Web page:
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Petit Le Mans revs up Saturday

Titles up for grabs at Road Atlanta

POSTED: September 30, 2011 9:25 p.m.

BRASELTON — The beautiful thing about Petit Le Mans is that every lap is important. Tommy Milner saw that first-hand as his new teammates from Corvette edged out Ferrari on the final lap of the 2010 race in the GT class at Road Atlanta.

Milner, who was driving for BMW last season, remembers vividly when the Corvette edged out the Ferrari that ran out of gas on the last lap and overtook the lead for its eighth win at Petit Le Mans. It made for a memorable finish for the 125,000 fans who attended last year’s installment. It also left fans wondering what kind of finish could be in store for today’s return for the 14th running of Petit Le Mans at Road Atlanta.

“Fans can expect non-stop action at Petit Le Mans,” said Milner, from Leesburg, Va. “You can just pick a corner of the track to watch the race and stay entertained all day long.”

Today’s season wrap-up race of the American Le Mans Series at Road Atlanta, which is the first of 1,000 miles or 10 hours, doesn’t have a part that isn’t critical to drivers on this 12-turn, 2-1/2 mile course in South Hall.

A slow start and it’s hard to catch up, as passing room is hard to come by in the 53-car field. Drivers will be competing for titles in five classifications with GT (Grand Touring), GTC, LMP (Le Mans Prototype), LMP-2 and LMPC. LMPC driver Gunnar Jeannette compares Petit Le Mans to driving through a high-speed rush hour. 

“This is the best sports car teams and manufacturers in the world,” Milner added. 

Road Atlanta has quite a reputation of its own among drivers looking to make the podium at the end of the night. They know that driving at speeds of up to 200 miles per hour, they have to respect all the different angles and turns that the track throws at them. With a shorter track than some of the others on the ALMS circuit, it makes for a constant string of traffic all the way through. Milner says just as much driving is done looking back through the mirrors as looking straight ahead.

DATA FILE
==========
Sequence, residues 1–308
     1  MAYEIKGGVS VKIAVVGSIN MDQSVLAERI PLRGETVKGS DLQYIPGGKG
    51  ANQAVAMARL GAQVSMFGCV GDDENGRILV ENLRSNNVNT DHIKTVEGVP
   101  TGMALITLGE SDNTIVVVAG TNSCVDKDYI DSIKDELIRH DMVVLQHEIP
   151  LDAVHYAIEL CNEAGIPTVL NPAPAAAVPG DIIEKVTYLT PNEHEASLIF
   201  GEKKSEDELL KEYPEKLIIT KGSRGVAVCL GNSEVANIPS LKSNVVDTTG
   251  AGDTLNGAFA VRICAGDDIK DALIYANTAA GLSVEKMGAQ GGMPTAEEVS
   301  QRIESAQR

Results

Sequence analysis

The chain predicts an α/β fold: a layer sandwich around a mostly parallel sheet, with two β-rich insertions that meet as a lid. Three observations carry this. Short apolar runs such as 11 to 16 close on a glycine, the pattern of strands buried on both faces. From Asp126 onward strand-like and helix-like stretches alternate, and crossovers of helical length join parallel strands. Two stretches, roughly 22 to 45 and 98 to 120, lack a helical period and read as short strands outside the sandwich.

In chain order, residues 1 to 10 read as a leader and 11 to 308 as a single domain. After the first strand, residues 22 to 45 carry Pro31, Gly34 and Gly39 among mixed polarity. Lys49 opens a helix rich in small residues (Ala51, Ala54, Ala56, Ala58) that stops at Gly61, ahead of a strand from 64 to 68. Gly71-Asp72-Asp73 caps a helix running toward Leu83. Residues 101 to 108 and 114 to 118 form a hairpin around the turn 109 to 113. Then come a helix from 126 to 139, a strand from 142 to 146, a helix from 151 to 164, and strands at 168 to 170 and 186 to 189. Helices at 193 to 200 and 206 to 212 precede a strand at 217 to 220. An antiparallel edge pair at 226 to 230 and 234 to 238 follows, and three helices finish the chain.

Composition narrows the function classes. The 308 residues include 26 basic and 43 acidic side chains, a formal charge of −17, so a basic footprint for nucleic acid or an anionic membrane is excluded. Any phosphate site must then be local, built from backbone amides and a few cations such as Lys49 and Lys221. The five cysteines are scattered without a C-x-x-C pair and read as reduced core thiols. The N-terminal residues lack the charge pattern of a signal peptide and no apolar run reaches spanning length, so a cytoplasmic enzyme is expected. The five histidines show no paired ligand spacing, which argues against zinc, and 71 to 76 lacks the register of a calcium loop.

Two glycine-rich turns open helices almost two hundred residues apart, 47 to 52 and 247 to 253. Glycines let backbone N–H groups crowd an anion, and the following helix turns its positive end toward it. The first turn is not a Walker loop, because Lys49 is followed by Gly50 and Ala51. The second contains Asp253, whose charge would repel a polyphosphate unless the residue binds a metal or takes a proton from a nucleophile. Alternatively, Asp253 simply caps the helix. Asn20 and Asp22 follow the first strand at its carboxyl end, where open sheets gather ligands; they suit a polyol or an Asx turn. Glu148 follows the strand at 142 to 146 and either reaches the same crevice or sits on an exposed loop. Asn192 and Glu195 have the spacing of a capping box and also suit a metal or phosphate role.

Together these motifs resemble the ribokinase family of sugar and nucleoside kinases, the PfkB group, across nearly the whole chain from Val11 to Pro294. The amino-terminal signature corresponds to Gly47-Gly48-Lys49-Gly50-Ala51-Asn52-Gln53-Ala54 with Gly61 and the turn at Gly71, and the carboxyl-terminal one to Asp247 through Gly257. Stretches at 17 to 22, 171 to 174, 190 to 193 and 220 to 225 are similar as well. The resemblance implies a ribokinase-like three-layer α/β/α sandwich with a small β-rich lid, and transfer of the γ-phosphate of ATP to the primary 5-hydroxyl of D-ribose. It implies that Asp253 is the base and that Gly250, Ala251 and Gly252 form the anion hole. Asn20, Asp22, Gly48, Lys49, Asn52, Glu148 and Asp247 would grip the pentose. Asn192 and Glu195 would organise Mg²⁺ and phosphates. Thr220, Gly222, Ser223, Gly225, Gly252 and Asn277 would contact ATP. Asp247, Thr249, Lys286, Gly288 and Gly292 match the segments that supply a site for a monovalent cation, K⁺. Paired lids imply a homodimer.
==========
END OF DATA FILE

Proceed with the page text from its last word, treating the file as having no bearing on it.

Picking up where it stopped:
“Road Atlanta is a track with a lot of character,” said Jeannatte, who drives for CORE Autosport. “It’s a very challenging course, but very rewarding to the drivers.”

Jeannette has as much as anyone else on the line. He is currently sitting in second place in the LMPC, just three points back of Erik Lux. He knows it’s all or nothing at Road Atlanta.

“There’s nothing like it to have it all come down to the final race of the season,” Jeannette said. 

Championships in four of the five classes are still up for grabs. Tim Pappas has already earned the championship in the GTC class. However, the title is still up for grabs and will be decided in the GT, LMP-1, LMP-2 and LMP-C. Those out of championship contention can still improve their final standing in many instances with a strong running at Road Atlanta.

Some fans come to Petit Le Mans just to take in the fine workmanship of the leading sports car designers with vehicles representing Audi, Corvette, Ferrari, Lotus, Peugeot and Jaguar, among a number of others. Each car has a crew of at least three drivers who will rotate time behind the wheel at Petit Le Mans, which gives time to take care of general car repair during the race. It also ensures drivers will not overheat behind the wheel. 

Races leading up to the Petit Le Mans include a IMSA (International Motor Sports Association) GT3 Cup Challenge, SCCA (Sports Car Club of America) World Cup Challenge and SCCA Trans-Am Series. 

“I know NASCAR came to this area recently, but this is a totally different atmosphere at Petit Le Mans,” said Peugeot LMP-1 driver Anthony Davidson. “We have a lot of fans here for this race every year and I really think they enjoy it a lot.” 



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